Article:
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Unraveling the Advancements in Seborrheic Dermatitis Treatment


Raj Chovatiya, MD, PhD, takes a deep dive in the challenges, solutions, and further research needed to treat seborrheic dermatitis.

“Bottom line, if you see seborrheic dermatitis, treat it. Maybe it's not all about the yeast and there's a bit more to this story, and it's time we ask some of the tough questions,” said Raj Chovatiya, MD, PhD, FAAD, associate professor at Rosalind Franklin University Chicago Medical School and the founding director of the Center for Medical Dermatology and Immunology Research, and Dermatology Times 2024 Fall Editor in Chief, as he summarized his take-home pearls in a few words. At the 2024 Fall Clinical Dermatology Conference for PAs and NPs, he presented the session "How Seb D Got Its Groove Back," which delved into the often overlooked realm of seborrheic dermatitis, affectionately referred to as Seb D by Chovatiya.1

Chovatiya's passion for understanding and addressing seborrheic dermatitis stems from its status as an inflammatory disease that historically hasn't received the same level of attention as conditions like atopic dermatitis and psoriasis. This lack of focus has left significant gaps in our understanding of its epidemiology, burden, comorbidities, and treatment modalities. However, recent therapeutic developments, including the approval of topical roflumilast foam (Zoryve; Arcutis), have sparked renewed interest in this area of dermatology.

During the session, Chovatiya emphasized several key points regarding seborrheic dermatitis. First, he underscored its prevalence and the substantial burden it imposes on patients, often exacerbatedby inadequate treatment options. Traditional broad-acting topical therapies have fallen short in providing effective relief, highlighting the need for innovative approaches.

A pivotal aspect of Chovatiya’s discussion revolved around challenging conventional wisdom regarding the etiology of seborrheic dermatitis. While Malassezia, a type of yeast, has long been implicated as a primary causative agent, Chovatiya proposed a more nuanced perspective. He said, “I'm not here to say that it [Malassezia] isn't important, but I think that what we're realizing is that the immune system and the [skin] barrier probably have equivalent if not slightly more important roles in this regard.” Chovatiya co-authored a recently published study in the Archives of Dermatologic Research.More Yeast, More Problems?: Reevaluating the Role of Malassezia in Seborrheic Dermatitis,” explored whether Malassezia yeast plays a crucial role in the pathogenesis of seborrheic dermatitis, or if immune dysregulation and skin barrier disruption are more prominent factors.2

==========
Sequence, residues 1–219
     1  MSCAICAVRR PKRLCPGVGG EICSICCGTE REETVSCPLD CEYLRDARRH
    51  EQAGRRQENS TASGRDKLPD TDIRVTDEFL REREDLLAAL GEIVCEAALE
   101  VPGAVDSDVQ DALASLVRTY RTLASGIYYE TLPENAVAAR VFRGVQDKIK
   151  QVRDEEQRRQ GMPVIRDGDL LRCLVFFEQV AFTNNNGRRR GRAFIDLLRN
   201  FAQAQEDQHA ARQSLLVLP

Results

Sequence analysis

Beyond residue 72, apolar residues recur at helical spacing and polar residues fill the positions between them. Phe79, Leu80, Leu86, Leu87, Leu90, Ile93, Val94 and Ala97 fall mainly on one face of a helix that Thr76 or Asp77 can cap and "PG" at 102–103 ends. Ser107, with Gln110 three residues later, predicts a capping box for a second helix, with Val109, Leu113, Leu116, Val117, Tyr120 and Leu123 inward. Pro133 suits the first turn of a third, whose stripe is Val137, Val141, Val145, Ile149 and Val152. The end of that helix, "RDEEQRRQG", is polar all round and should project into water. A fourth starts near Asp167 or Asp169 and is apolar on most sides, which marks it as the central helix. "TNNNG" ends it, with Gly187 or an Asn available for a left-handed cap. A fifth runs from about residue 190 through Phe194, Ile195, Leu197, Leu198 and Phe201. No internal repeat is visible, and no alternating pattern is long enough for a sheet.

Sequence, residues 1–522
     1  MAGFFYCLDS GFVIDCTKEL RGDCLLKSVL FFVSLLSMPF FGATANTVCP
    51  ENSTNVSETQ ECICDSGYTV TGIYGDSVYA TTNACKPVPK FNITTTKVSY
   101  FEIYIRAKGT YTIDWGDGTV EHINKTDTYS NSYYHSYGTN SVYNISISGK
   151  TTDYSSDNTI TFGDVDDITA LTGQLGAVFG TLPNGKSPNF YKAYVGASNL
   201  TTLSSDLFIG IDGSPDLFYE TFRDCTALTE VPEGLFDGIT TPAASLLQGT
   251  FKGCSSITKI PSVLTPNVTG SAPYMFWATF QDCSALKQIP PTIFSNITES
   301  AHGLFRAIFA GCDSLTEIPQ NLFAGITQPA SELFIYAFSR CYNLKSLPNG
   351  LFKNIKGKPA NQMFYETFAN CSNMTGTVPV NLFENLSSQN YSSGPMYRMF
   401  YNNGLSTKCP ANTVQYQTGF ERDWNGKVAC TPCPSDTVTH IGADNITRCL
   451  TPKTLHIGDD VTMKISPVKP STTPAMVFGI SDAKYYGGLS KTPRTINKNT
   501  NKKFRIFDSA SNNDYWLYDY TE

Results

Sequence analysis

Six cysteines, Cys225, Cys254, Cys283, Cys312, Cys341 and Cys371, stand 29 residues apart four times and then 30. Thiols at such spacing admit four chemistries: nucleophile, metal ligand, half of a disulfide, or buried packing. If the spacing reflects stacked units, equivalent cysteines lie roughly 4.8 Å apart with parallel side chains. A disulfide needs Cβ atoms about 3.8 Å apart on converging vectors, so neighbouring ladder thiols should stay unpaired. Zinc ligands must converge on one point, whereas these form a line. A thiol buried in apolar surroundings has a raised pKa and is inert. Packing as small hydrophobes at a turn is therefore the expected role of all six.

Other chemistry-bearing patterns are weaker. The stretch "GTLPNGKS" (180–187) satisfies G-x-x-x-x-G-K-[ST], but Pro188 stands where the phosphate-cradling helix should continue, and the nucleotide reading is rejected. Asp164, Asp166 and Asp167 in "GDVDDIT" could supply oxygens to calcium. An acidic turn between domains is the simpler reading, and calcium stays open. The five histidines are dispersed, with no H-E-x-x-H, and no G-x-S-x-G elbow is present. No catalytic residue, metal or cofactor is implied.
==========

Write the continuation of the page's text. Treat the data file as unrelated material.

The success of phosphodiesterase-4 (PDE4) inhibition in treating seborrheic dermatitis exemplifies this shift in therapeutic focus, offering hope for further advancements in the field. Chovatiya highlighted ongoing efforts to explore alternative treatment modalities, including Janus kinase (JAK) inhibition and hormone receptor (HR) agonism. While these approaches show promise, their efficacy and safety profiles require further investigation before widespread adoption.

Another challenge in managing seborrheic dermatitis lies in the complexity of treatment regimens, often involving multiple therapies targeting different affected areas of the body. He explained, “The scalp, the beard area, the chest, the arms, the legs—Each with different potencies, each with its own instructions — it really is a nightmare. And patients tell us, even in research that we've presented recently, that they want something that's simple, and something effective and something they're going to be able to use.” The advent of roflumilast foam represents a step in the right direction, offering a convenient, easy-to-use solution for individuals with seborrheic dermatitis, particularly in hair-bearing areas. “A foam-based treatment is a very logical choice for a disease that affects highly hair bearing areas,” Chovatiya said. He also recently sat on a panel that validated roflumilast foam, and their thoughts and data review were recently published in the Journal of Clinical and Aesthetic Dermatology.3

Chovatiya concluded with the need for further research, “With a lot of therapeutic development, we should be investing in addition to the actual mechanism itself, something that allows us to deliver it to where the disease affects people.”

Related content

Should Malassezia’s Role in Seborrheic Dermatitis Be Reconsidered?

Raj Chovatiya, MD, PhD: Evaluating Roflumilast Foam’s Inclusivity in Diverse Hair Types

Expert Panel Confirms Efficacy and Safety of Roflumilast Topical Foam for Seborrheic Dermatitis Across Diverse Hair Types


  1. Chovatiya R. How Seb D got its groove back. Presented at: 2024 Fall Clinical Dermatology Conference for PAs and NPs; May 31-June 2; Scottsdale, AZ.
  2. Chang CH, Chovatiya R. More yeast, more problems?: reevaluating the role of Malassezia in seborrheic dermatitis. Arch Dermatol Res. 2024;316(4):100. Published 2024 Mar 12. doi:10.1007/s00403-024-02830-7
  3. Expert panel review further validates use of ZORYVE® (roflumilast) topical foam, 0.3% for treatment of seborrheic dermatitis across diverse hair types published in Journal of Clinical and Aesthetic Dermatology. News release. Arcutis Biotherapeutics. May 13, 2024. Accessed June 1, 2024. https://www.arcutis.com/expert-panel-review-further-validates-use-of-zoryve-roflumilast-topical-foam-0-3-for-treatment-of-seborrheic-dermatitis-across-diverse-hair-types-published-in-journal-of-clinical-and-aestheti/
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